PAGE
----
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Long-term evidence on the Tobin and Fisher effects: a new approach

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Author Info

  • Shaghil Ahmed
  • John H. Rogers

Abstract

Using a new approach, we reexamine the empirical evidence on the long-term interactions between inflation and real variables. We find, using over 100 years of U.S. data, that in the long run the effect of inflation on investment and output is positive (a "Tobin type effect") and the investment rate, and hence the real interest rate, are not independent of inflation. However, over the full sample at least, the variability of the innovations to the stochastic inflation trend is small relative to the variability of the innovations to the productivity and fiscal trends. We conclude that models generating a reverse-Tobin effect, including standard real-business-cycle and endogenous growth models that incorporate money, may not be the best models for understanding the long-term real effects of inflation.

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File URL: http://www.federalreserve.gov/pubs/ifdp/1996/566/default.htm
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File URL: http://www.federalreserve.gov/pubs/ifdp/1996/566/ifdp566.pdf
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Bibliographic Info

Paper provided by Board of Governors of the Federal Reserve System (U.S.) in its series International Finance Discussion Papers with number 566.

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Date of creation: 1996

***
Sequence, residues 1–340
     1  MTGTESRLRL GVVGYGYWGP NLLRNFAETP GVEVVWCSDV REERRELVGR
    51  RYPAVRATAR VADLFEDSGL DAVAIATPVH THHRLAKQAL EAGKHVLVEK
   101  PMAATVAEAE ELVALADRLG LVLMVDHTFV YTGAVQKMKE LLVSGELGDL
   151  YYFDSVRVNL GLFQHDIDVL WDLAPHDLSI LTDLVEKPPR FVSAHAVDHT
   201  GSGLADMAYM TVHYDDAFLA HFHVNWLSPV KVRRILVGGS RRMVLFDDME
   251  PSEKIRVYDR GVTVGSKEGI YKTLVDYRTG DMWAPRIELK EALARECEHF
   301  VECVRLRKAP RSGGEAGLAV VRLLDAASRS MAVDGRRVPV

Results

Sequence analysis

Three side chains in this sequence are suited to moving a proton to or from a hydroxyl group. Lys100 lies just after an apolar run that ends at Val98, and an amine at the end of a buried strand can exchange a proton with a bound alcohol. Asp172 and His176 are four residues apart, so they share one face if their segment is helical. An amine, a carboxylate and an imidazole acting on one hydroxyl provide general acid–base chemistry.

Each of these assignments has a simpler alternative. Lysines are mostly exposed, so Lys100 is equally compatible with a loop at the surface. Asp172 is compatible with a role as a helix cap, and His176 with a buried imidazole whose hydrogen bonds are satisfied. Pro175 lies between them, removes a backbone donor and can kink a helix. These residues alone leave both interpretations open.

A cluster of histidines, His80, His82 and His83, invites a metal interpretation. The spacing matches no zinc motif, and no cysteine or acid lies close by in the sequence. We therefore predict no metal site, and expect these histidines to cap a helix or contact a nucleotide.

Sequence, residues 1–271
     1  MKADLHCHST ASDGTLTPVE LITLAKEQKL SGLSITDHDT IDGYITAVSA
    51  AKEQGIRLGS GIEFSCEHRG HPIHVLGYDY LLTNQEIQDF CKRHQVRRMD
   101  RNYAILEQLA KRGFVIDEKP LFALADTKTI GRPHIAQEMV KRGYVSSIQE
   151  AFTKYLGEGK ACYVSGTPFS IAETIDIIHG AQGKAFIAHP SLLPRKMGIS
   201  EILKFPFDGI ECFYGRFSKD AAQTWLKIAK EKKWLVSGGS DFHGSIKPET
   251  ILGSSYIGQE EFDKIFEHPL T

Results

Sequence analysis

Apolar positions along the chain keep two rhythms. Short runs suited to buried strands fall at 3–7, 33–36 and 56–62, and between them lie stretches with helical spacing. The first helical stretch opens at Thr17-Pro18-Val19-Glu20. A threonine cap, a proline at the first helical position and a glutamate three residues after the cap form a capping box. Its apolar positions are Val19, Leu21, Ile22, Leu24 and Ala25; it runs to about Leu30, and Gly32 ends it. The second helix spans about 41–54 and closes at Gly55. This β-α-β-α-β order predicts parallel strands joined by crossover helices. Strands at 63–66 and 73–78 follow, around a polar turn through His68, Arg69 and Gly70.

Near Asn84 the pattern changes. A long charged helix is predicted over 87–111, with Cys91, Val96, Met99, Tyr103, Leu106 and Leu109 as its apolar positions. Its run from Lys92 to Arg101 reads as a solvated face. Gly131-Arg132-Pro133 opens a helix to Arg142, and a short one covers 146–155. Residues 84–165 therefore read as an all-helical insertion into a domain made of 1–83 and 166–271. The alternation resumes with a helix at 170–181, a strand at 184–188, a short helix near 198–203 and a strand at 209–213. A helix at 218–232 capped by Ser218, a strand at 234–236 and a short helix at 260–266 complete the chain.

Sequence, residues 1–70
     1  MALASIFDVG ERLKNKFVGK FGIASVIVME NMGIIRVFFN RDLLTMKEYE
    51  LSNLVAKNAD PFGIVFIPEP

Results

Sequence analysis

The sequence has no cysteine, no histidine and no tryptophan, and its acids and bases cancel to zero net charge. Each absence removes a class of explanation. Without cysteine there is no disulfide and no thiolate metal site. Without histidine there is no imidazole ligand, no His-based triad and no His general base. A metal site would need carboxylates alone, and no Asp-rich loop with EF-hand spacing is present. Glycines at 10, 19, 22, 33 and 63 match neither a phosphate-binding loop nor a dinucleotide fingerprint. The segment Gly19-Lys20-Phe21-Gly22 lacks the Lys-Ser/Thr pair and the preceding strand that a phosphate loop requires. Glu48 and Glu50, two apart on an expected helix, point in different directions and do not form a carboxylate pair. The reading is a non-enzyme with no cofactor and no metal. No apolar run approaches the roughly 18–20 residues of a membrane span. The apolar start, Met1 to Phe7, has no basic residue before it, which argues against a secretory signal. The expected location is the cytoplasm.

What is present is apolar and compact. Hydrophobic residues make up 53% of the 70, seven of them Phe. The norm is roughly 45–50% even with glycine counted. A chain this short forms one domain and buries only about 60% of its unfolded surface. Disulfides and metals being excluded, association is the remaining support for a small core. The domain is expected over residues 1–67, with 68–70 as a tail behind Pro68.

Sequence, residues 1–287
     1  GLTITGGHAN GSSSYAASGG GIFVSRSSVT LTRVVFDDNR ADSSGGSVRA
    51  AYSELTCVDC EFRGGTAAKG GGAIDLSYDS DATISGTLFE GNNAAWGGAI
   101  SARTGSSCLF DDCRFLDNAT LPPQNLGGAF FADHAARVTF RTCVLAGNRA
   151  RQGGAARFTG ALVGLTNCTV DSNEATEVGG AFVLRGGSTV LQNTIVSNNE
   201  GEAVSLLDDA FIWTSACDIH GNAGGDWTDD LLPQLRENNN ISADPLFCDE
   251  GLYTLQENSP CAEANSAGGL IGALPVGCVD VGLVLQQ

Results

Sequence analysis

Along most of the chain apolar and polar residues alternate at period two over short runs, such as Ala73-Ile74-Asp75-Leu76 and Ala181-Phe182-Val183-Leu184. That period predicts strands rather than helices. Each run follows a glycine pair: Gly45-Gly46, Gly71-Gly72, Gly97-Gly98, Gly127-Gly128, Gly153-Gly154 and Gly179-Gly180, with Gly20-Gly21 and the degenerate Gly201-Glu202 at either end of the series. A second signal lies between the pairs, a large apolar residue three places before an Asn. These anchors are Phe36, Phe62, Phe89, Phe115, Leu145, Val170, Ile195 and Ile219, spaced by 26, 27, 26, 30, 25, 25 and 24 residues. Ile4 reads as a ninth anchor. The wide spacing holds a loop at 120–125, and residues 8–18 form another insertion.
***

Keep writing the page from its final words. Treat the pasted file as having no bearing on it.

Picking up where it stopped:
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Handle: RePEc:fip:fedgif:566

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Related research

Keywords: Inflation (Finance) ; Taxation;

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Cited by:
  1. Marco Espinosa-Vega & Steven Russell, 1998. "The long-run real effects of monetary policy: Keynesian predictions from a neoclassical model," Working Paper 98-6, Federal Reserve Bank of Atlanta.
  2. Bullard, James & Russell, Steven, 1999. "An empirically plausible model of low real interest rates and unbacked government debt," Journal of Monetary Economics, Elsevier, vol. 44(3), pages 477-508, December.
  3. James Bullard, 1999. "Testing long-run monetary neutrality propositions: lessons from the recent research," Review, Federal Reserve Bank of St. Louis, issue Nov, pages 57-77.
  4. James Bullard & Steve Russell, 1998. "Monetary steady states in a low real interest rate economy," Working Papers 1994-012, Federal Reserve Bank of St. Louis.

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